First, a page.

In 1911, in response to the rejection of one of Kandinsky's paintings from the annual NKVM exhibition, he and Franz Marc organized a rival exhibition and co-founded "Der Blaue Reiter" (The Blue Rider) - a loose association of nine Expressionist artists that included August Macke, Munter, and Jawlensky. Though their aims and approaches varied from artist to artist, in general the group believed in the promotion of modern art and the possibility for spiritual experience through the symbolic associations of sound and color - two issues very near and dear to Kandinsky's heart. Despite the similarities between the group's moniker and the title of Kandinsky's 1903 painting, the artists actually arrived at the name "Der Blaue Reiter" as a result of the combination of Marc's love of horses and Kandinsky's interest in the symbolism of the rider, coupled with both artists' penchant for the color blue. During their short tenure, the group published an anthology (The Blue Rider Almanac) and held three exhibitions. Additionally, Kandinsky published Concerning the Spiritual in Art (1911), his first theoretical treatise on abstraction that articulated his theory that the artist was a spiritual being that communicated through and was affected by line, color, and composition. He produced both abstract and figurative works at this time, but expanded his interest in non-objective painting.Composition VII (1913) was an early example of his synthesis of spiritual, emotional, and non-referential form through complex patterns and brilliant colors. The outbreak of World War I in 1914 led to the dissolution of Der Blaue Reiter, but, despite their short tenure, the group initiated and deeply inspired the highly influential German Expressionist style.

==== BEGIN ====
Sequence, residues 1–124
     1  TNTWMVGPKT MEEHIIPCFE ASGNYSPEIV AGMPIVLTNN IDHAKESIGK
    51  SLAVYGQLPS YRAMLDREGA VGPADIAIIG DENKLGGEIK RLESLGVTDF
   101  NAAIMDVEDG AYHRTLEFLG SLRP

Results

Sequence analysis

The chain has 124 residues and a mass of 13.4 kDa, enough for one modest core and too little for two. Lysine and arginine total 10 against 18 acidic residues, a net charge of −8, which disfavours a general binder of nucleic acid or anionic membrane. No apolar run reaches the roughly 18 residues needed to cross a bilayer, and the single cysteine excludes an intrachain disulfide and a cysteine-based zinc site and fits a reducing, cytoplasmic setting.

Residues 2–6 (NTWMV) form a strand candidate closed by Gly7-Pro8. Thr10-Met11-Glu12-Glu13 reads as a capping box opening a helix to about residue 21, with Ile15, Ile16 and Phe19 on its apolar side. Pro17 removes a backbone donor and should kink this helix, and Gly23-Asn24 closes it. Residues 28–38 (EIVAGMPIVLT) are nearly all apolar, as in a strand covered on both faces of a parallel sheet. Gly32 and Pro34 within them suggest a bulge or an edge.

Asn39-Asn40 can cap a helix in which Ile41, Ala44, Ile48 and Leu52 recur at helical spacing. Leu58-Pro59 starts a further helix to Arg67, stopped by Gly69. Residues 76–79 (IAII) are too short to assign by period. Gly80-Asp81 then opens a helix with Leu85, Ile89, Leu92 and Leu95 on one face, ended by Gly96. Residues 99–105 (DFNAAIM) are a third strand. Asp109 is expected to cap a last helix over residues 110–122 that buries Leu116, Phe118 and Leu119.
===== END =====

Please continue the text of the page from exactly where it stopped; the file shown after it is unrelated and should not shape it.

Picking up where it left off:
After Germany declared war on Russia, Kandinsky was forced to leave the country. He traveled to Switzerland and Sweden with Munter for almost two years, but returned to Moscow in early 1916, which effectively ended their relationship. In Moscow he courted and married Nina Andreevskaia, the young daughter of a Czarist colonel. While there, he not only became familiar with the art of Constructivists and Suprematists like Vladimir Tatlin and Kazimir Malevich, but also lived in the same building as Aleksander Rodchenko, and met other avant-garde luminaries like Naum Gabo, Lyubov Popova, and Varvara Stepanova. With the October Revolution in 1917, Kandinsky's plans to build a private school and studio were upset by the Communist redistribution of private wealth and instead, he worked with the new government to develop arts organizations and schools. Despite his participation in the development of the officially sanctioned new institutions, he felt increasingly removed from the avant-garde. His search for spirituality in art did not meld with the utilitarian aesthetic advocated by the young government and the artists it embraced.
In 1921, when architect Walter Gropius invited Kandinsky to Germany to teach at the Weimar Bauhaus, he accepted and moved to Berlin with his wife, gaining German citizenship in 1928. As a member of the innovative school, Kandinsky's artistic philosophy turned toward the significance of geometric elements - specifically circles, half-circles, straight lines, angles, squares, checkerboards, and triangles. In 1926, he published his second major theoretical work, Point and Line to Plane that outlined his ideas about a "science of painting." In both his work and theory he shifted from the romantic, intuitive expression of his pre-war canvases to an emphasis on constructively organized compositions.